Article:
But a separate issue asking Slovaks whether they want to elect their country's president may not be decided definitively by this vote, as Slovakia's Constitutional Court refused to rule on the cabinet's contention that a referendum on the president's direct election is unconstitutional.
On April 22, Prime Minister Vladimír Mečiar's cabinet turned to the court in an attempt to knock the direct presidential election question off the ballot. Opposition deputies said that the cabinet was trying to thwart the referendum and criticized it for putting the court under severe time constraints, pointing out that even cases tagged as 'urgent' generally take the court more than three months to decide.
Perhaps wanting to avoid snapping a sensitive nerve right before the referendum took place, the court nimbly sidestepped the direct presidential election issue altogether, meaning that the question remained on the ballot. The explanation was that the cabinet was not of the three legal entities able to file a complaint on this issue.
"According to the [court] Senate's decision, the cabinet cannot participate in this issue," said Marianna Mochnáčová, the director of Court Chairman Milan Čič's office. "Therefore it didn't have the right to turn to the court." Mochnáčová added that in the Senate's view, the referendum process involves these three parties: the president as the authority who calls it, the Central Referendum Committee (ÚKR), and the Minister of Interior, who coordinates the state administration's carrying out of ÚKR's decisions.
But the whole affair is most likely not over, since all reactions from the cabinet indicate that it will bind Interior Minister Gustáv Krajči to resubmit the cabinet's contention that the vote is not legal -- especially if the public votes 'Yes' to a popular vote for the country's next president. One candidate who could be in the running for the spring 1998 election is current President Michal Kováč, a hated rival of Mečiar and the coalition.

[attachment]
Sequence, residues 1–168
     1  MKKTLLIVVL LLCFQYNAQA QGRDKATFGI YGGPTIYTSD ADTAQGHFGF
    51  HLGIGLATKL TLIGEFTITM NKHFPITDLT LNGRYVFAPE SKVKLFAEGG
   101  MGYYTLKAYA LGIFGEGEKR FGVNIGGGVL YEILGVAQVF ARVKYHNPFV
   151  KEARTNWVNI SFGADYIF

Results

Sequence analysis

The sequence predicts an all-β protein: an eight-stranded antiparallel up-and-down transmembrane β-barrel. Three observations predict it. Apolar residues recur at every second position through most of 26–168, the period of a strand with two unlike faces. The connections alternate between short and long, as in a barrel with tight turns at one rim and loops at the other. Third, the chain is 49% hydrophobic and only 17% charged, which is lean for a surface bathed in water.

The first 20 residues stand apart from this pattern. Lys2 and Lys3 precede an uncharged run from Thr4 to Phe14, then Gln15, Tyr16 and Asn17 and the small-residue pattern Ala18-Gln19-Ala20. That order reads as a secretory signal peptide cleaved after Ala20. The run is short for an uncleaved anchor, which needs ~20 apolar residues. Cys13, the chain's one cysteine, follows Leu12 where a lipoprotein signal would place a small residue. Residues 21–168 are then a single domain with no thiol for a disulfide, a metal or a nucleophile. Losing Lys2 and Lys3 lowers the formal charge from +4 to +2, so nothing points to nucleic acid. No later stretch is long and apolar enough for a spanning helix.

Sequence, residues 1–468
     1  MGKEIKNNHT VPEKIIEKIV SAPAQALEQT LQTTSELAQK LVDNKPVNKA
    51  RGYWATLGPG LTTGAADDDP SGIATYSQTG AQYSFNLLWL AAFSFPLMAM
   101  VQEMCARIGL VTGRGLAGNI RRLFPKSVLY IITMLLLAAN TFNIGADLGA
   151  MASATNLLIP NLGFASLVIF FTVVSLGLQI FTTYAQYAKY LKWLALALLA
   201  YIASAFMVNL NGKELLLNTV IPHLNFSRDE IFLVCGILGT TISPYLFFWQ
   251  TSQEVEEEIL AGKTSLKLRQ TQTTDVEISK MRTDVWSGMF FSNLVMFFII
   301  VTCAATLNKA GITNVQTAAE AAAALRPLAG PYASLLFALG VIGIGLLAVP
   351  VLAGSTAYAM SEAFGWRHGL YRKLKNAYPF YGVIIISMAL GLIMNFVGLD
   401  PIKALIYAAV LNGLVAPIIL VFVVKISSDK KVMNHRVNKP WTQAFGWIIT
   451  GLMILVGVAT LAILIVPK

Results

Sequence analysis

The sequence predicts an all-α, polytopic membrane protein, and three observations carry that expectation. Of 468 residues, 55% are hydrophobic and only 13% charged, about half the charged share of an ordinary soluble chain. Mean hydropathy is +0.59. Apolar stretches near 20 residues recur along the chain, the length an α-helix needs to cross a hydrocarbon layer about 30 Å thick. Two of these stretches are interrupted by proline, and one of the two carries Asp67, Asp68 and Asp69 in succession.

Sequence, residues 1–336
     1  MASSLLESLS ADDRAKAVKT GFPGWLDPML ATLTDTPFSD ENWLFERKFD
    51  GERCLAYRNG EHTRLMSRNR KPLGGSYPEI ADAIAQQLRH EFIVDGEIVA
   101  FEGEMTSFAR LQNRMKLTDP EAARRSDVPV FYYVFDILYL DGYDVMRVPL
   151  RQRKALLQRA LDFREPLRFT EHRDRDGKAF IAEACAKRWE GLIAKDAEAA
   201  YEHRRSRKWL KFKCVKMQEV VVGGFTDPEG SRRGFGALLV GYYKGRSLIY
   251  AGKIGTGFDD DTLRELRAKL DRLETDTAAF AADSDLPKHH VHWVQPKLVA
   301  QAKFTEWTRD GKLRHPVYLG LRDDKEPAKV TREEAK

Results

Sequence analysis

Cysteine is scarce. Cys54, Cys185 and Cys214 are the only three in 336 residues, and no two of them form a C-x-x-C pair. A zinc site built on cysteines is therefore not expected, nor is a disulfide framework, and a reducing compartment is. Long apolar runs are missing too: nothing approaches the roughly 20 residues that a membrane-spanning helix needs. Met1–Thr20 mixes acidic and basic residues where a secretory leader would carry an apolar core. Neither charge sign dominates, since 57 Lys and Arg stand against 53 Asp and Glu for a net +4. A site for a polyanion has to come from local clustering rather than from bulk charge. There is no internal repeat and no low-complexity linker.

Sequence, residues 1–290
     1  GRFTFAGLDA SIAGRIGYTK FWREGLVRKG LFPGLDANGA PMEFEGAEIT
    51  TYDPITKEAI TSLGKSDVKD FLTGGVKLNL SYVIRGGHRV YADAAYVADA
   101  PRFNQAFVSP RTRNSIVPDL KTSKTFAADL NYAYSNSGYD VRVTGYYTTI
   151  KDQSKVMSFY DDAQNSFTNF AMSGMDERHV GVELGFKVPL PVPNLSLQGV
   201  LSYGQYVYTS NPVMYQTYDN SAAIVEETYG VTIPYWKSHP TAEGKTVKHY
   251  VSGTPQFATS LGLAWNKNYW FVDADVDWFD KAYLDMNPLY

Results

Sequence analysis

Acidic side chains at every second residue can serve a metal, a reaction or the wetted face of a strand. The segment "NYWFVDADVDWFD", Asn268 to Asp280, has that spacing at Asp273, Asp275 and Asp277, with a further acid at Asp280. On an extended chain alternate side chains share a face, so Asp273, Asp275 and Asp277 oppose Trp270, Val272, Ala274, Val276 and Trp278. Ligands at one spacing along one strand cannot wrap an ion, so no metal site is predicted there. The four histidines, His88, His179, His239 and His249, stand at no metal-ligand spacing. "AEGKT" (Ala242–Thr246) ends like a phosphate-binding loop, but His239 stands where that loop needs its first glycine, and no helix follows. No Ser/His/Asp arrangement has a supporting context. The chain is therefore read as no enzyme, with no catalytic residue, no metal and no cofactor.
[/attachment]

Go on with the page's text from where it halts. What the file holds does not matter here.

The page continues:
The three ruling coalition parties didn't participate in the ten-day media campaign until the third day, among them Mečiar's Movement for a Democratic Slovakia (HZDS). Two out of three fused to submit any spots to Slovak Television, which sponsored free air time for parties to lobby voters.
The ultra-right Slovak National Party (SNS) said it delayed because the TV campaign's introduction was swaying the viewer to respond positively by highlighting the word 'Yes' too much; the HZDS claimed it was awaiting the Constitutional Court's decision before it moved on anything else.
The so-called "Blue Coalition," a group of eight opposition parties which engineered a petition drive earlier this year to hold a referendum on direct presidential election, wasted no time in using the air time, adopting a common stance to each of the four questions. This alliance, headed by the Christian Democratic Movement (KDH) and the Democratic Union (DU) and joined by the Hungarian parties, recommended that their parties' voters respond 'Yes' to entering NATO (the first question) and to the direct presidential election (the fourth question) and ignore questions number 2 and 3 dealing with foreign troops and nuclear weapons on Slovak territory.
The Party of the Democratic Left (SDĹ) which is not part of the bloc, recommended its voters say 'Yes' to questions 1 and 4, 'No' to the second question and ignore the third.
Mečiar's HZDS recommended its voters say 'Yes' to the first question, 'No' to the fourth but left them with a free choice concerning questions number 2 and 3.
The easiest job seemed to fall to the fans of the ultra-right SNS and ultra-left Association of Slovak Workers (ZRS), both of whom are in Mečiar's government. Both parties recommended answering 'No' to all four questions.
Slovak President Michal Kováč (right) is praying that a 'Yes' vote on direct presidential elections will end up being valid, while Prime Minister Vladimír Mečiar and his cabinet have strongly indicated they will take the issue to court.
22. May 1997 at 0:00 | Daniel Borský